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Tuesday, 8 March 1966


Mr CALWELL (Melbourne) (Leader of the Opposition) . - The late Mr. Lal Bahadur Shastri was indeed a remarkable man. Any leader of India today has to be a remarkable' man - or woman, since Mr. Shastri's successor is Mrs. Gandhi, the daughter of the late Mr. Nehru. The Indian subcontinent, which includes Pakistan, is half the size of Australia. It is not a large area, of the world's surface, but in the Indian republic there are 400 million people who are riven by a caste system, divided by dialectical differences, plagued with great poverty and disgraced by great excesses of wealth on the part of a small section of the community.

Mr. Shastrihad to deal with all the domestic problems of that subcontinent. He had to deal not only with the problems of his own area but also with the problem of Pakistan where, unfortunately, the religious differences between Muslim and Hindu asserted themselves frequently and led to dreadful riots. Indeed, Mr. Shastri must have been a remarkable man. He was a good man. He strove for peace: He strove for conciliation. It was ironically tragic that as a result of the successful conference between Ayub Khan and Mr. Shastri at Tashkent under the auspices of Mr. Kosygin, the Russian Prime Minister, peace between Pakistan and India if not permanently settled was at least considerably advanced. t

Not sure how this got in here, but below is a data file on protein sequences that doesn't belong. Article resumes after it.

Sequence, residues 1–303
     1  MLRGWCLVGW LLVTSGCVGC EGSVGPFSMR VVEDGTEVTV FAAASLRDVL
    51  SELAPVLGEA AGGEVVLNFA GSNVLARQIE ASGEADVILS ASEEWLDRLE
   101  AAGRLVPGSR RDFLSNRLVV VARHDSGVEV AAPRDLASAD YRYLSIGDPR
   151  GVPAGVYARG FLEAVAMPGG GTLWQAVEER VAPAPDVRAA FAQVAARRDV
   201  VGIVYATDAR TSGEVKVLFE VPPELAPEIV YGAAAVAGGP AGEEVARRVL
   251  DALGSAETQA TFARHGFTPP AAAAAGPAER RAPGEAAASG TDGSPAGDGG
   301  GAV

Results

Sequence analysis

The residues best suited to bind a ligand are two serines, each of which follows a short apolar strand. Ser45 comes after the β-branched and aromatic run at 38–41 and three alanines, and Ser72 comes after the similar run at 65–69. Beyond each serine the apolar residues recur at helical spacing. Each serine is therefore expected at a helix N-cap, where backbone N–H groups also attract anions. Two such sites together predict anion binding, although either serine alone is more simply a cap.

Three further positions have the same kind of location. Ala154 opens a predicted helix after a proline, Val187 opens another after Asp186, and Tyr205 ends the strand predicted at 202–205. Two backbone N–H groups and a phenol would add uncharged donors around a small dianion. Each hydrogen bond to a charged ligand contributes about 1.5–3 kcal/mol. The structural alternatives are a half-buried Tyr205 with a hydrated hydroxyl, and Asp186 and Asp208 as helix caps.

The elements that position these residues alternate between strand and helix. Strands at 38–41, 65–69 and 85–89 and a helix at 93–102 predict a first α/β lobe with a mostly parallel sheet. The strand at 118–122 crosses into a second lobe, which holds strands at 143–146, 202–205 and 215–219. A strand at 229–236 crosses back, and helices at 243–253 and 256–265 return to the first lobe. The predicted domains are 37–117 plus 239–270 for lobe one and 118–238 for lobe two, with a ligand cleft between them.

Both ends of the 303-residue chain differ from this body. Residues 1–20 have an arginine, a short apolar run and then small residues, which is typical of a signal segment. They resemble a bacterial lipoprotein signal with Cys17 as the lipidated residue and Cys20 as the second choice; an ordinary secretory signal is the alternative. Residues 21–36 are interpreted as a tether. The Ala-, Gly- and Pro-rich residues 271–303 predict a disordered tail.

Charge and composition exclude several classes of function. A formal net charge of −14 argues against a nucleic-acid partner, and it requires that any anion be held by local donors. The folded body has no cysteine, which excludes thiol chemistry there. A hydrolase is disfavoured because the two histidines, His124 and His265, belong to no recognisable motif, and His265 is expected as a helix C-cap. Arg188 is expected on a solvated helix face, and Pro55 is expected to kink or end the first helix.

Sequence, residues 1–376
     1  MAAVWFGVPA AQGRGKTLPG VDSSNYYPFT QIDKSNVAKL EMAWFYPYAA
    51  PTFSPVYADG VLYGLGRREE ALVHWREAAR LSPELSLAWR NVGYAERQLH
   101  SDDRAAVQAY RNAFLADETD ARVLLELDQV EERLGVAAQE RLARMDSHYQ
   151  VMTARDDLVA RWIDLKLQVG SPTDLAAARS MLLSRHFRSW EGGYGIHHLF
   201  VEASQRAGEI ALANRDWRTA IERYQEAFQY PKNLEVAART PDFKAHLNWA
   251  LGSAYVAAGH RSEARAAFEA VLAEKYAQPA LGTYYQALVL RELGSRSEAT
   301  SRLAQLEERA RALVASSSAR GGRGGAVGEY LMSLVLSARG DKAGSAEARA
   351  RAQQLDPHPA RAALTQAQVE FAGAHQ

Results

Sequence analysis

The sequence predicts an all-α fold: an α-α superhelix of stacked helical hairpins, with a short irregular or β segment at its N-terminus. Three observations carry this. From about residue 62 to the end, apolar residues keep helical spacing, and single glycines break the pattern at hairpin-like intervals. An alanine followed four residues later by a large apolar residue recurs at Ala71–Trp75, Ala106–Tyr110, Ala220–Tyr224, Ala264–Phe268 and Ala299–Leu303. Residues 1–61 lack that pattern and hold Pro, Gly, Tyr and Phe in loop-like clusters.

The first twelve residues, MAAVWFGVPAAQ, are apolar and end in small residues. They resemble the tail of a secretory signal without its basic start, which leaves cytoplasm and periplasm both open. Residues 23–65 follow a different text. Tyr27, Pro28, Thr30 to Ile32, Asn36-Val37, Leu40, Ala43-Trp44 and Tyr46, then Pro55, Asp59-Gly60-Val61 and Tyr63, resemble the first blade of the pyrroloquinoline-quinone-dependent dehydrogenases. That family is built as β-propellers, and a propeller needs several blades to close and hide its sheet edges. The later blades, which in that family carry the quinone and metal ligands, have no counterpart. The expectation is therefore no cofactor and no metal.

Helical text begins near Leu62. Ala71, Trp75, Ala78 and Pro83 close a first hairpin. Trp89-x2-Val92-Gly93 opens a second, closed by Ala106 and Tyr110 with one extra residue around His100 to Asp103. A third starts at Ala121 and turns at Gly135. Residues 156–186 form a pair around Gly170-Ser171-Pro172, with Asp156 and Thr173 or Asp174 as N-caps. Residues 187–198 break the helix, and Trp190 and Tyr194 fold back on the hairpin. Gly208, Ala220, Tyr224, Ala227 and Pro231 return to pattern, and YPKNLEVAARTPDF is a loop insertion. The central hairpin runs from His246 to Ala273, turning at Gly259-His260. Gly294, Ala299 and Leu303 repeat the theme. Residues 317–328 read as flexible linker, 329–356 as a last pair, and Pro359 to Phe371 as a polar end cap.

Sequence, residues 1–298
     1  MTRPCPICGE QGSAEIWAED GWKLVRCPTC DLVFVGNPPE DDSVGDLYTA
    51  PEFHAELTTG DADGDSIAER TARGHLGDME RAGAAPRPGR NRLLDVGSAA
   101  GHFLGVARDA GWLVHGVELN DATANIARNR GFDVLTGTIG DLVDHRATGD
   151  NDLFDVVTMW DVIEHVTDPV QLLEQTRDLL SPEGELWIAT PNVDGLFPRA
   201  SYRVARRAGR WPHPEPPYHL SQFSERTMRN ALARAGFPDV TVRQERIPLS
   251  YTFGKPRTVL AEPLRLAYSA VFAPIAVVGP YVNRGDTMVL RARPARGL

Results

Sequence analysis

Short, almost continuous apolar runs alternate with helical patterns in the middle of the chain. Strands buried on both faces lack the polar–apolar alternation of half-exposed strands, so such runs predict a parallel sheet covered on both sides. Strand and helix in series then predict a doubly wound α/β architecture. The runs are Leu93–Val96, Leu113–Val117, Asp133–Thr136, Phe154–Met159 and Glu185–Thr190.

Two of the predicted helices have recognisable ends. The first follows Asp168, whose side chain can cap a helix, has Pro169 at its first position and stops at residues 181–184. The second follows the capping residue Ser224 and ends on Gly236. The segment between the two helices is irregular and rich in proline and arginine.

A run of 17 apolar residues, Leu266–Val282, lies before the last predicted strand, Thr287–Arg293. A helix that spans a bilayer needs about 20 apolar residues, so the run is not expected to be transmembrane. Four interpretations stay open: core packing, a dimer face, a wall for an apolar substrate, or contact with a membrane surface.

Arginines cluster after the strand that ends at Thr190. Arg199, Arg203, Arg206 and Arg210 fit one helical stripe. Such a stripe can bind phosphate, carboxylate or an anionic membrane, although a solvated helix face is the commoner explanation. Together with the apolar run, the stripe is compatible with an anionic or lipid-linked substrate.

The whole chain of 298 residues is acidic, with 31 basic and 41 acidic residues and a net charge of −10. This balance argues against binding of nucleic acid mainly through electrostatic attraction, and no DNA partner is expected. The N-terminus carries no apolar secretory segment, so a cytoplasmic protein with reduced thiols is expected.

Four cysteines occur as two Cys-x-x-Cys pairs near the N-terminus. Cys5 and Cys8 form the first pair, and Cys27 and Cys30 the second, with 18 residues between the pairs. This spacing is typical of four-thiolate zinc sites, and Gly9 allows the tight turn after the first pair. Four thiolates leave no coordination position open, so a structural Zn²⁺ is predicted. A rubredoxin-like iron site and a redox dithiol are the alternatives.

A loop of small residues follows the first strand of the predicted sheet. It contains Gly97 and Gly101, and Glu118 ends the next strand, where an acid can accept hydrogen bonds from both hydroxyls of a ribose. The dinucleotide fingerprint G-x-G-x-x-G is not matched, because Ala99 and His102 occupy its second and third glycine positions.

We in this country, in looking at the world's problems' in our own way and for our own benefit, have always seemed to regret that India remained unaligned. We blamed Nehru and Shastri because they did not line up with the West. They certainly did not line up with the East. Their great contribution to world peace was their progress along the road of neutrality. No other road is possible for nien like Shastri, for

Ayub Khan or any of the rest who are charged with such great responsibilities in governing so many millions of the human race. Shastri fought for peace; he died for peace: May peace be to his ashes and may his memory endure.







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